Before the discovery of insulin, most children diagnosed with diabetes would die within a year -- as parents and doctors stood by, unable to do anything to help them.
Then in 1922, a young surgeon named Frederick Banting and his assistant Charles Best, working with chemist James Collip, developed a form of purified insulin. They tested the insulin on a young boy named Leonard Thompson. Thompson’s blood glucose (sugar) level was high and climbing – and was about to kill him. Within 24 hours of receiving the insulin, Thompson’s blood glucose levels had returned to near normal – and he was indisputably alive.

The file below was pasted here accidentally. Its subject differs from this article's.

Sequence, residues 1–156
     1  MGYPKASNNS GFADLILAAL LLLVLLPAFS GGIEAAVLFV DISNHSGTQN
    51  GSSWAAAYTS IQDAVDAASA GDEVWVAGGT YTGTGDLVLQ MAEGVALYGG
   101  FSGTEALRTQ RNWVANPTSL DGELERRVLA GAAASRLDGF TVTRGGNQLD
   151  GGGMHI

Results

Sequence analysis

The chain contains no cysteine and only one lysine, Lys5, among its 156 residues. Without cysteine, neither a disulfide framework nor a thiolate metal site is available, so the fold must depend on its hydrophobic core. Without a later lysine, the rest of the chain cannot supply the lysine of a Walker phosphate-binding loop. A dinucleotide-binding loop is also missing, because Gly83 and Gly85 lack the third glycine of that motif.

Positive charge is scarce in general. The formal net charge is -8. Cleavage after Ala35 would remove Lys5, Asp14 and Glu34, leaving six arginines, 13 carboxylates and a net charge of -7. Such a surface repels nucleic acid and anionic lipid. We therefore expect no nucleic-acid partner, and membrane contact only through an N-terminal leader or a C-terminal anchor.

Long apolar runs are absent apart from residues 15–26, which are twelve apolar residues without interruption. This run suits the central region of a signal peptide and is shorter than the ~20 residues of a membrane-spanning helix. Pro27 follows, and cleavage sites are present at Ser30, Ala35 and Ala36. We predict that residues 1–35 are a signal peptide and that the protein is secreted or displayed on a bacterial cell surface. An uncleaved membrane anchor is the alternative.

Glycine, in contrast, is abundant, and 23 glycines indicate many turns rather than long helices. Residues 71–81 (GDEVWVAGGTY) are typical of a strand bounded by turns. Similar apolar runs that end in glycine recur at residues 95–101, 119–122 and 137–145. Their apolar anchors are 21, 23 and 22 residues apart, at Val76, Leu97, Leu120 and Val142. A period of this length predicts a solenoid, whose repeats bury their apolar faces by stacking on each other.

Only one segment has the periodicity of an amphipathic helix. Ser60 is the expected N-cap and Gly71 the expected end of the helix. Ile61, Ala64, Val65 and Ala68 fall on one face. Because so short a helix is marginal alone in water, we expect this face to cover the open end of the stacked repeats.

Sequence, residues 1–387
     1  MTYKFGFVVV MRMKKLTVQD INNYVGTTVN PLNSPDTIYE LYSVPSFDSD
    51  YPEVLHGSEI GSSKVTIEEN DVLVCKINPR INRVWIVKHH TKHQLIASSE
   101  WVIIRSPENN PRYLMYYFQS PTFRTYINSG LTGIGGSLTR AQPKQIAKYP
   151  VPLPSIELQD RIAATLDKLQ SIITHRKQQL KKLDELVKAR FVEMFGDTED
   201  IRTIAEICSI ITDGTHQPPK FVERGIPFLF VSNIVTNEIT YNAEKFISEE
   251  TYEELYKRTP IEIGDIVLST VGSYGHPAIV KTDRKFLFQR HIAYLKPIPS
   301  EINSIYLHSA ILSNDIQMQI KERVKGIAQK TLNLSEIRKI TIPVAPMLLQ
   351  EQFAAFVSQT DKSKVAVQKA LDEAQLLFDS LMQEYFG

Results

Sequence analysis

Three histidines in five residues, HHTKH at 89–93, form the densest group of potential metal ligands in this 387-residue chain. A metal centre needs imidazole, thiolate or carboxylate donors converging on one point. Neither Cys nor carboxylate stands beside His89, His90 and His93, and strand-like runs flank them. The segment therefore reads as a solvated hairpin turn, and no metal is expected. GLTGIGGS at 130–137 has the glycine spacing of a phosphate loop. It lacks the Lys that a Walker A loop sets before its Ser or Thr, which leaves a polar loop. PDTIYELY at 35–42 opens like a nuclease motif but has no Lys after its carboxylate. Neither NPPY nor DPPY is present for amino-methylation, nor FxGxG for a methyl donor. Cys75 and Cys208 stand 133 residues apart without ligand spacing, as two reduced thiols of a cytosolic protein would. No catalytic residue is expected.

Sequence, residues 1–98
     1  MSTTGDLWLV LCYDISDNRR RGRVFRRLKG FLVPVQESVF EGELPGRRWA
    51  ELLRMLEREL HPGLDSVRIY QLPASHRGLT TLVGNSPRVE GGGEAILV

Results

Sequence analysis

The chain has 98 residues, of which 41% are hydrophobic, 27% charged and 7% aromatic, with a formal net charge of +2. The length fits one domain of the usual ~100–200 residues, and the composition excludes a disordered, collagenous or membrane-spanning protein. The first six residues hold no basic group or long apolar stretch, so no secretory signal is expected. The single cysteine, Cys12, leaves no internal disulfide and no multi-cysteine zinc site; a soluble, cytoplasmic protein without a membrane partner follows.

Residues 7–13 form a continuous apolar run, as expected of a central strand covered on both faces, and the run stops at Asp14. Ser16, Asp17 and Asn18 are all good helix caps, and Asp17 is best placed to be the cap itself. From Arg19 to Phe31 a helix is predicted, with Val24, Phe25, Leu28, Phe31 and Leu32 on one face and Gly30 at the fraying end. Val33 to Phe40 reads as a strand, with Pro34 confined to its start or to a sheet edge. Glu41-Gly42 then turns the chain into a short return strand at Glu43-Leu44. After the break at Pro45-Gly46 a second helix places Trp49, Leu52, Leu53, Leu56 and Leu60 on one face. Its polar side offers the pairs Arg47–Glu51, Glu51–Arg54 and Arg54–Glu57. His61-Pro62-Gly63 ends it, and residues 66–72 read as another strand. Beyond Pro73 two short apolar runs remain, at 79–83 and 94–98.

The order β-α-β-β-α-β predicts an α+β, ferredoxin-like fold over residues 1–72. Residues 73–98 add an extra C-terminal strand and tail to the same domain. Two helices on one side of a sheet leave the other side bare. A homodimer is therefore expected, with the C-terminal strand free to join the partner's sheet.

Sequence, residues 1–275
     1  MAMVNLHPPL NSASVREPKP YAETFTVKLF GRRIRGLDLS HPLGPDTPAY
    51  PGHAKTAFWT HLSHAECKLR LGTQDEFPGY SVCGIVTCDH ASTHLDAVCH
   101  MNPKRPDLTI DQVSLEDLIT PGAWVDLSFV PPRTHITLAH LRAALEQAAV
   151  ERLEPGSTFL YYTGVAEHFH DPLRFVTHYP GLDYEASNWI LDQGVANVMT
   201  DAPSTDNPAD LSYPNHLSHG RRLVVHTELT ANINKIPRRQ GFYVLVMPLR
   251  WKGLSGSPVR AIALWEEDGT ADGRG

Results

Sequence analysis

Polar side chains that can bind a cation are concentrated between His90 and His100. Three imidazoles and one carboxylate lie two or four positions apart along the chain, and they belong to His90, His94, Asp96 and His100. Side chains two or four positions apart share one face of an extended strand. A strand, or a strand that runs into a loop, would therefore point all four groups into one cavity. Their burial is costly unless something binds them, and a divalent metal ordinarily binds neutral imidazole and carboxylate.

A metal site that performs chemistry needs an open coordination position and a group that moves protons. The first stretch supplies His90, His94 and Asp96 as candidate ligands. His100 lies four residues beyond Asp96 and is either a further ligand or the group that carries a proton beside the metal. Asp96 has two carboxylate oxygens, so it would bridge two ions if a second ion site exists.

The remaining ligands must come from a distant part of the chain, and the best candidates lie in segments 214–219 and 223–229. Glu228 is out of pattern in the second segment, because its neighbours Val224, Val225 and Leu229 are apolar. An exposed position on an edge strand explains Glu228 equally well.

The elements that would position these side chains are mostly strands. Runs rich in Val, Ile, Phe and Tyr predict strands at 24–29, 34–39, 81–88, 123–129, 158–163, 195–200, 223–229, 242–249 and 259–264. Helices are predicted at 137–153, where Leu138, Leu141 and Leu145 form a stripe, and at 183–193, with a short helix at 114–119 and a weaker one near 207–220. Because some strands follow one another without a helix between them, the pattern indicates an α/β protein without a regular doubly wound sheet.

Today, more than 366 million people worldwide have diabetes. While diabetes can be controlled with medications including insulin, diet and exercise, an estimated 4.6 million people still die due to the disease every year. Learn more about diabetes .